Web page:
ASEM projects to improve mobility of students and academics, and employability of graduates, include recognition and transferability of professional skills, identifying internship or apprenticeship opportunities – though most of these are organised on a bilateral basis – and setting up more joint degrees, the conference heard.
But some member countries have also pointed to portable grants and bank loans as important, particularly for poorer students and those from developing countries.
But key to mobility is qualification recognition and credit transfer, the conference heard, with work ongoing both within regions, such as the 28-member European Union and the 10-member Association of Southeast Asian Nations or ASEAN, and between the regions.
For example, ASEAN countries along with China, Japan and South Korea – ASEAN+3 – are currently piloting the Academic Credit Transfer Framework for Asia, or ACTFA, which establishes a standard credit system based on teaching and study hours.
The aim is to facilitate more student exchanges within the region along the lines of Europe’s successful Erasmus mobility scheme.
However, speaking just before leaving for Riga, Malaysia’s Idris Jusoh conceded that ASEAN countries faced challenges agreeing on common standards within the higher education systems.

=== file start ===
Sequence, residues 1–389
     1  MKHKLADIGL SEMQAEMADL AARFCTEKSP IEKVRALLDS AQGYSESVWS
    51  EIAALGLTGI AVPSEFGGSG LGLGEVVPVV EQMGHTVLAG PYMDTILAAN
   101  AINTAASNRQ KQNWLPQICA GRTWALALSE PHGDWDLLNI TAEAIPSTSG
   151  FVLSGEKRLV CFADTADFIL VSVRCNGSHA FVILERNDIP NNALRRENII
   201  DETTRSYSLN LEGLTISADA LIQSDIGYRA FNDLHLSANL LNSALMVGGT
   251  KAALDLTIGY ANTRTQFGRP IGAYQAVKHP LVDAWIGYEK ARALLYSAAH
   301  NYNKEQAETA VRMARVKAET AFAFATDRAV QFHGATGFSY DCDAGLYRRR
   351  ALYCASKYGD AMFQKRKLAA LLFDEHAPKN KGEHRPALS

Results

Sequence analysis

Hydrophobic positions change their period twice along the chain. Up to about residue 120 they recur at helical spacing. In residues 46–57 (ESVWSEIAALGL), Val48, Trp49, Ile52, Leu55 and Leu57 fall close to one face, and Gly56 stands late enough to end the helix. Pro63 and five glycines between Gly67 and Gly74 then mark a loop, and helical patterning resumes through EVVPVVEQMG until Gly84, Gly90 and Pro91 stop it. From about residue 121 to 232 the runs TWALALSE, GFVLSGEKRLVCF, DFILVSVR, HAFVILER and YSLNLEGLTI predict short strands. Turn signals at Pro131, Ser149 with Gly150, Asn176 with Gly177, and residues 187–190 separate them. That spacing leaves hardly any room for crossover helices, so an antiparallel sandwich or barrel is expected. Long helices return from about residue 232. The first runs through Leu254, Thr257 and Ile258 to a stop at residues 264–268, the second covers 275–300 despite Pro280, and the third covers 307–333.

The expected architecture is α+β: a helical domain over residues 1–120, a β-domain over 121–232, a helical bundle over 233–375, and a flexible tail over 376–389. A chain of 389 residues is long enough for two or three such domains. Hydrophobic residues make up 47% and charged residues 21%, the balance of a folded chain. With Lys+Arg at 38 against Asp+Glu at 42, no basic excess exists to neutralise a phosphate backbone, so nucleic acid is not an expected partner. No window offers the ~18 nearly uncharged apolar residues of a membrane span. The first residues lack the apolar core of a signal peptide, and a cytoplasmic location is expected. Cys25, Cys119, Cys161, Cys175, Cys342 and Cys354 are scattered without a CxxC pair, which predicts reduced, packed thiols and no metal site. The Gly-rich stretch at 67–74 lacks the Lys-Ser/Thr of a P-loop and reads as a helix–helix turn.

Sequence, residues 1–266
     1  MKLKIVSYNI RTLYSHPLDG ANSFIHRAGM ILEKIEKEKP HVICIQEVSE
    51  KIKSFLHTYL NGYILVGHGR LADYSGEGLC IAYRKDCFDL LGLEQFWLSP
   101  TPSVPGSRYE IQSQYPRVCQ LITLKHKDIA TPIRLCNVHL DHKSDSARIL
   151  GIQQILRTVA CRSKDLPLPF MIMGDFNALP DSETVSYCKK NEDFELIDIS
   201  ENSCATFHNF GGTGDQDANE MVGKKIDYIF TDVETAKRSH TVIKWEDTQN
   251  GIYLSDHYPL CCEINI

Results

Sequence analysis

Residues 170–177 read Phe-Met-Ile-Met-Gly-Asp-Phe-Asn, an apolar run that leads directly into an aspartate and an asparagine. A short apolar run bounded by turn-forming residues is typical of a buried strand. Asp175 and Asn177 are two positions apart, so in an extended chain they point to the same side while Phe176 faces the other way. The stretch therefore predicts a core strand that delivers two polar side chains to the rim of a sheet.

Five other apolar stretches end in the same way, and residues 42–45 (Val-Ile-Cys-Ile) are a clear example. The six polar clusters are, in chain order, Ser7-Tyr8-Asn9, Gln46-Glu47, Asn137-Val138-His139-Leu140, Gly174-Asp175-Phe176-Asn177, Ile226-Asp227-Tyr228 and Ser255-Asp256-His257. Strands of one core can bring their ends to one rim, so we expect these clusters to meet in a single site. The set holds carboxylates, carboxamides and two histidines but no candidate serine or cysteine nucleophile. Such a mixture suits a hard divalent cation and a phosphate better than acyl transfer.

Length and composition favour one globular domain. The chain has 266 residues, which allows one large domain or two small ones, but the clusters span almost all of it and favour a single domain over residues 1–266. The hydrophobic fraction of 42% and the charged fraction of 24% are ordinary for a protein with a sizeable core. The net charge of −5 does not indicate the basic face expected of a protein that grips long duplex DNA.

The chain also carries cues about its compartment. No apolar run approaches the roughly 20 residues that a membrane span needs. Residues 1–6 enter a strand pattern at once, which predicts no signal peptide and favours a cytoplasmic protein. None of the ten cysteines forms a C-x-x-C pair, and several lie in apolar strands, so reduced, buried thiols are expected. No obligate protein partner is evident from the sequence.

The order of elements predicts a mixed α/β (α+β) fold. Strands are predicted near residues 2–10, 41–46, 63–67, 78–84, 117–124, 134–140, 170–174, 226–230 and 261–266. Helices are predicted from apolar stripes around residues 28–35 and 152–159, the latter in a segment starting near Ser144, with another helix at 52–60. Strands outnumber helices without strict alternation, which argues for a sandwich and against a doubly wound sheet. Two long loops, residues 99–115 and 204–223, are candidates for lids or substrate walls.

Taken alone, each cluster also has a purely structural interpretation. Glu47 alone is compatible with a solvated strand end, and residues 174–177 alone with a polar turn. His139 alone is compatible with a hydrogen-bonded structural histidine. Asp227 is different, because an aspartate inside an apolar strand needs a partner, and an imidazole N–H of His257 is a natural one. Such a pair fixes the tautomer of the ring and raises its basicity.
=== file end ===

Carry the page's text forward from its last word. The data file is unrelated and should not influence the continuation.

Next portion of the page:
"This is because the process [of harmonisation] would take time and there is a need to take into account matters such as language, history, culture and established practices," he said in Kuala Lumpur on 24 April.
Building on regional work on credit transfer schemes, a new project known as European Union Support to Higher Education in ASEAN Region, or SHARE, is being launched this year to strengthen regional cooperation, and enhance the quality, regional competitiveness and internationalisation of ASEAN higher education institutions and students.
SHARE will initially map commonalities between the existing ASEAN and EU credit transfer mechanisms, to develop an ASEAN-EU Credit Transfer System.
SHARE, to be implemented by a consortium comprising the British Council, the German Academic Exchange Service or DAAD, EP-Nuffic in the Netherlands, Campus France, and the European Association for Quality Assurance in Higher Education or ENQA, will also help institutions to implement credit transfer systems to improve comparability of degrees, according to official documents.
Information on education systems and on recognition procedures by National Information Centres, or NICs, and the need to build networks of NICs between the Asian and European region was also recognised as important for student mobility.
A new Asian Network of National Information Centres was launched at the Riga conference by China.
But qualifications compatibility and funding for mobility are just a few of the problems being tackled, with participants noting that many more students from Asia come to Europe than European students going to Asia.
Language and immigration and visa issues are among the obstacles that cannot be tackled by education ministers alone, delegates said.